Versailles on the Potomac


War profiteer. It used to be one of the dirtiest slurs in American politics, potent enough to sully the reputations of the rich and powerful. Now it’s a calling card, something you might find highlighted in a defense contractor’s corporate prospectus as a lure to attract investors looking for bulging profits and escalating dividends.

In the summer of 2000, the defense industry was mired in a prolonged slump, as was the US economy, which under the unforgiving lash of its neo-liberal architects had become dependent on the financial engines of the munitions makers. Unhappily for the defense industry and its investor class, the Soviet Union had disintegrated before their very eyes and the People’s Republic of China, long considered the bogeyman state in waiting, had lustily embraced state capitalism instead of stepping up to the plate as a brawny military rival.

The big ticket items of the Cold War, from Stealth bombers to nuclear subs, from aircraft carriers to the Star Wars scheme, that had sustained the industry to the tune of tens of billions every year no longer had the slightest pretext for continued production, except as the most extravagant form of corporate welfare. Those weapons systems that weren’t obsolete, such as the B-2 bomber and F-22 fighter, simply didn’t work, such as Star Wars-lately remarketed as Ballistic Missile Defense.

To make matters more fraught for the weapons industry, the Pentagon was poised to put the finishing touches on its Quadrennial Defense Review, which sets procurement, budget and policy goals for the Defense Department. Of course, the Pentagon would never slash its own budget and, in fact, many anticipated that the QDR would call for increasing annual defense spending to something approaching 4 percent of the gross domestic product. However, it seemed likely that the generals would call for the termination of many of the multi-billion dollar relics of the Cold War in exchange for massive increases in spending on newer killing technologies geared for what has come to be known as “4th Generation Warfare.”

Then 9/11 happened and all the anxieties of the weapons lobby evaporated in the flames of one fateful morning. The QDR, once so threatening, was simply another fat white paper that came and went without leaving so much as a scratch on the old Imperial Guard.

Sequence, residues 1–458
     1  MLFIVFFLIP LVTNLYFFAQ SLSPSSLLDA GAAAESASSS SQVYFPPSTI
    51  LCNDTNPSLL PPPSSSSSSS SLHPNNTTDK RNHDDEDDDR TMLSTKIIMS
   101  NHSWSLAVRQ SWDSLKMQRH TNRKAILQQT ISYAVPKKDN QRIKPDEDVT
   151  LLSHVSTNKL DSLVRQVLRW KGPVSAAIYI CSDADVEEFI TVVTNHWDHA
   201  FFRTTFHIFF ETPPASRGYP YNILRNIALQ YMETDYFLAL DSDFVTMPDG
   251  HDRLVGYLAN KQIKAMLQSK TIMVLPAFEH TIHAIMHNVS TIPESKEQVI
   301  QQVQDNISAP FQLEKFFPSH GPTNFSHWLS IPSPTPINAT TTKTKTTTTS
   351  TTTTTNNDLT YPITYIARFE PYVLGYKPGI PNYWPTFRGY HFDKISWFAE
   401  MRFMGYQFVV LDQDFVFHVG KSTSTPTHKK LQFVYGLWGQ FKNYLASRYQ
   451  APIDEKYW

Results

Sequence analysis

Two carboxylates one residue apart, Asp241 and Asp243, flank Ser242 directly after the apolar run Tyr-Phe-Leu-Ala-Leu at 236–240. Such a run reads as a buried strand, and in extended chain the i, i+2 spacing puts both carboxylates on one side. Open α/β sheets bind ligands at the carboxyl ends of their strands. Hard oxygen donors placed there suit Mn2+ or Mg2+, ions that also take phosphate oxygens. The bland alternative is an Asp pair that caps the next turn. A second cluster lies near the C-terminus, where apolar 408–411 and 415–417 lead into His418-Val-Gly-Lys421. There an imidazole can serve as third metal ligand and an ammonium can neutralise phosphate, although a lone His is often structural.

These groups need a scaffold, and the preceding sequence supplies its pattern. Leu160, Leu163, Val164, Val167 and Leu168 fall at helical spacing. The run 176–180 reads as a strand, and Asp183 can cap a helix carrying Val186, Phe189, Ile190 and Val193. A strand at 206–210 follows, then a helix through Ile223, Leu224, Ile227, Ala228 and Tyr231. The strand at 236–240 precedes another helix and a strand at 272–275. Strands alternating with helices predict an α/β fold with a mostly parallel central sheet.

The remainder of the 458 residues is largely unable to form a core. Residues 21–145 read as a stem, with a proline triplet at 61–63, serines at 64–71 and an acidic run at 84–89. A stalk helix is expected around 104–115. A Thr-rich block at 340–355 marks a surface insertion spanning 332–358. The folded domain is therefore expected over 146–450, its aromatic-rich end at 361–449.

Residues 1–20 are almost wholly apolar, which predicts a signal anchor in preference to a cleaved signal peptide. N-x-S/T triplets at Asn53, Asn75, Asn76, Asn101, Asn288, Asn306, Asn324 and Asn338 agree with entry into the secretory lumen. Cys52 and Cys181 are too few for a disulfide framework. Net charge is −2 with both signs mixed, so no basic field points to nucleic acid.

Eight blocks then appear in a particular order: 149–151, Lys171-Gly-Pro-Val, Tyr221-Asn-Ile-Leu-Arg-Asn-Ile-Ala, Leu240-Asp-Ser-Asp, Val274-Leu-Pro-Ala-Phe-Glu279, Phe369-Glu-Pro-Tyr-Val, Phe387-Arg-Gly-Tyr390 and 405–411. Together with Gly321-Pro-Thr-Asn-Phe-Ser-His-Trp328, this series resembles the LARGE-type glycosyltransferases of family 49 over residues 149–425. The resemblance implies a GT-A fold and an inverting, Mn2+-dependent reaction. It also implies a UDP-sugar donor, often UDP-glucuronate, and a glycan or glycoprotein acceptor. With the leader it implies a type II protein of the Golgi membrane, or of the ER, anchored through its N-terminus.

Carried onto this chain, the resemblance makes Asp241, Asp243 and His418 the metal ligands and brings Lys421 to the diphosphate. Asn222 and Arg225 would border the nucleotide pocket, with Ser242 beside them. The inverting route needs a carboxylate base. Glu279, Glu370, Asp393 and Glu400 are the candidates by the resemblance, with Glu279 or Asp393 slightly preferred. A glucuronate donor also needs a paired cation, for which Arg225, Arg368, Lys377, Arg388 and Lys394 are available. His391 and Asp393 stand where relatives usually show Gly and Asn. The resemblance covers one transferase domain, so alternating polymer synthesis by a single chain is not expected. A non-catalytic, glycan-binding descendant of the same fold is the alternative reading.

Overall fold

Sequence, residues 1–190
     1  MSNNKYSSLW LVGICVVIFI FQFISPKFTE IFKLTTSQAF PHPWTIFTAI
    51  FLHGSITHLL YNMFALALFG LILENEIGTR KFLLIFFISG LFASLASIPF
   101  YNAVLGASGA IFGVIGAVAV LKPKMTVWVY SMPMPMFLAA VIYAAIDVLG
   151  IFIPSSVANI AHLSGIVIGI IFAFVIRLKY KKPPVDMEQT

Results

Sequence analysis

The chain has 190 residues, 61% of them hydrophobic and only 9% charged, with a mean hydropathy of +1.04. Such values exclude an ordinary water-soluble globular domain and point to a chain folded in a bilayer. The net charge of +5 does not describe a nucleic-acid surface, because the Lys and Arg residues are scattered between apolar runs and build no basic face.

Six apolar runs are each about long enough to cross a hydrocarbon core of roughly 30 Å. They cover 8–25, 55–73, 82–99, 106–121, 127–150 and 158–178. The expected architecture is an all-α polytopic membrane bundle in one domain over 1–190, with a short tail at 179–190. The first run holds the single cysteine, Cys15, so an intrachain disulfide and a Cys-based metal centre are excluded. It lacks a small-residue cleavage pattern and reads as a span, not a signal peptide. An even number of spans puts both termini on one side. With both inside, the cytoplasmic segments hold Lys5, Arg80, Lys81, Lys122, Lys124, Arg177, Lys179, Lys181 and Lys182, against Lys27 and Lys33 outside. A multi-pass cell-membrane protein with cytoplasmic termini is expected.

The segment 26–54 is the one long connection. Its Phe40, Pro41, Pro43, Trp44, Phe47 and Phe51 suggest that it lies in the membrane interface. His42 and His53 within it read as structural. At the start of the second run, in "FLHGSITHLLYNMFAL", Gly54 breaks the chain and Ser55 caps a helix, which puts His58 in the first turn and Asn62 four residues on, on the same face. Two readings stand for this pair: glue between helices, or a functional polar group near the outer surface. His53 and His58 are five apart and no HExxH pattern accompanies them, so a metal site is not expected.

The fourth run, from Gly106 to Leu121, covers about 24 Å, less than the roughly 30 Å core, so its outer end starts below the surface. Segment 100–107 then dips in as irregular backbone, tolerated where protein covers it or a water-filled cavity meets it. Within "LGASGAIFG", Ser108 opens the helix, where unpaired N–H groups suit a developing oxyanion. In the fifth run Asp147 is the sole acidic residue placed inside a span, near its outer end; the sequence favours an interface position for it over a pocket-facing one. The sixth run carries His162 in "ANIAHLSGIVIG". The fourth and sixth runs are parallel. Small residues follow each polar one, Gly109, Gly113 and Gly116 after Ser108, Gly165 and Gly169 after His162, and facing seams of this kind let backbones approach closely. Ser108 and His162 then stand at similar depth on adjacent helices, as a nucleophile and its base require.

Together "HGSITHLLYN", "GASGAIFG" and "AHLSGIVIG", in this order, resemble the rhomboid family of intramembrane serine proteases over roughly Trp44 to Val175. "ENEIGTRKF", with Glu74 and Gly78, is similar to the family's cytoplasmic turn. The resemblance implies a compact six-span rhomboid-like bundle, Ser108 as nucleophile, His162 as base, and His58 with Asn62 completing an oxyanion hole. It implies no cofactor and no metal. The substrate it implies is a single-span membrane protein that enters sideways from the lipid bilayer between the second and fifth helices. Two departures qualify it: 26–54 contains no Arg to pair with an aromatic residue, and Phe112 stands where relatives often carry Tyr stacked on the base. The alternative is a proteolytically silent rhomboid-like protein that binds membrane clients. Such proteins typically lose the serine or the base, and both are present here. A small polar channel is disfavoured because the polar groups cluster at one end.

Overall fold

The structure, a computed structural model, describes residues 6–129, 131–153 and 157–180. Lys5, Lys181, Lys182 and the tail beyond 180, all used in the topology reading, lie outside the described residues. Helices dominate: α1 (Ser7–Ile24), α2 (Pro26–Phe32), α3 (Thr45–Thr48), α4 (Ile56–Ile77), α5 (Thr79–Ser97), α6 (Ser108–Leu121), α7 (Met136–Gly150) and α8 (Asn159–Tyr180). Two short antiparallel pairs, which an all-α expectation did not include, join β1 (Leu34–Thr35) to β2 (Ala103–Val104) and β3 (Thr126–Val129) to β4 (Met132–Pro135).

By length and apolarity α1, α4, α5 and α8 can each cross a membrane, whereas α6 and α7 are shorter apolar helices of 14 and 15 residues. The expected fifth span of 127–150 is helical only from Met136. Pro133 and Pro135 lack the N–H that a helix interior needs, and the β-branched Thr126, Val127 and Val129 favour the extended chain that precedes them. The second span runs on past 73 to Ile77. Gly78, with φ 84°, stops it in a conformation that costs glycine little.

As we revealed here in CounterPunch, the Taliban offered Osama Bin Laden, and his top associates, the Bush administration on several occasions after the attacks of 9/11. Bush refused. They wanted a prolonged and ever-escalating war, not a deftly executed police action and not justice for the families of those slain and maimed by Bin Laden’s kamikazes.

Instead, thousands of Cruise missiles were ordered up and, just like that, Boeing and Lockheed were back in business. For months, cruise missiles, J-DAM bombs and CB-87 cluster munitions shredded the hamlets and hovels of Afghanistan, killing more than 3,500 civilians in the early days of that one-sided war. But this was simply a bloody prelude to a more profound slaughter. For Afghanistan, in the immortal words of Donald Rumsfeld, wasn’t a “target rich” environment. But Iraq certainly was. And only hours after the 9/11 attacks, Rumsfeld and his neocon coterie of laptop bombardiers began plotting the war on Saddam and the domestic propaganda campaign for how to sell it to a psychologically shattered and anxiety-ridden American public. The civilian body count in Iraq would climb much higher, topping 650,000 by the winter of 2007, with more than 200 Iraqis dying every day.

The Bush wars on Afghanistan and Iraq were misguided, counter-productive and illegal ventures, although entirely predictable outbursts of imperial vengeance. What is truly perverse is the fact that while one wing of the Pentagon was planning wars against a “faceless enemy” and a “rogue state”, another wing was lobbying congress on behalf of the weapons companies to approve tens of billions in funding for all of the baroque artifacts of the Cold War, from Star Wars to Stealth fighters. Congress was only too happy to help. From the fall of 2001 through the end of 2002, not a single funding request for a big-ticket item went denied, from unneeded aircraft carriers to unwanted Boeing tankers.

But in order to fund these bailouts to the defense lobby for making weapons for a war that no longer existed, Congress had to rob other budgetary accounts. And here’s where it gets truly bizarre. Intent on satiating the cravings for pork from their political patrons, the leadership of the Defense Appropriations committees, chaired until 2007 by Senator Ted Stevens, the Alaska Republican, paid for these costly and useless projects by reprogramming billions from the so-called Operations and Maintenance accounts, which were being used to fund the logistics work for the on-the-ground wars in Afghanistan and Iraq. Even the normally docile Office of Management and Budget raised a warning, writing in a letter to Stevens dated December 6, 2002: “These [Operations and Maintenance] reductions would undermine DoD’s ability to adequately fund training, operations, maintenance, supplies and other essentials. They would seriously damage the readiness of our armed forces and undermine their ability to execute current operations, including the war on terrorism.”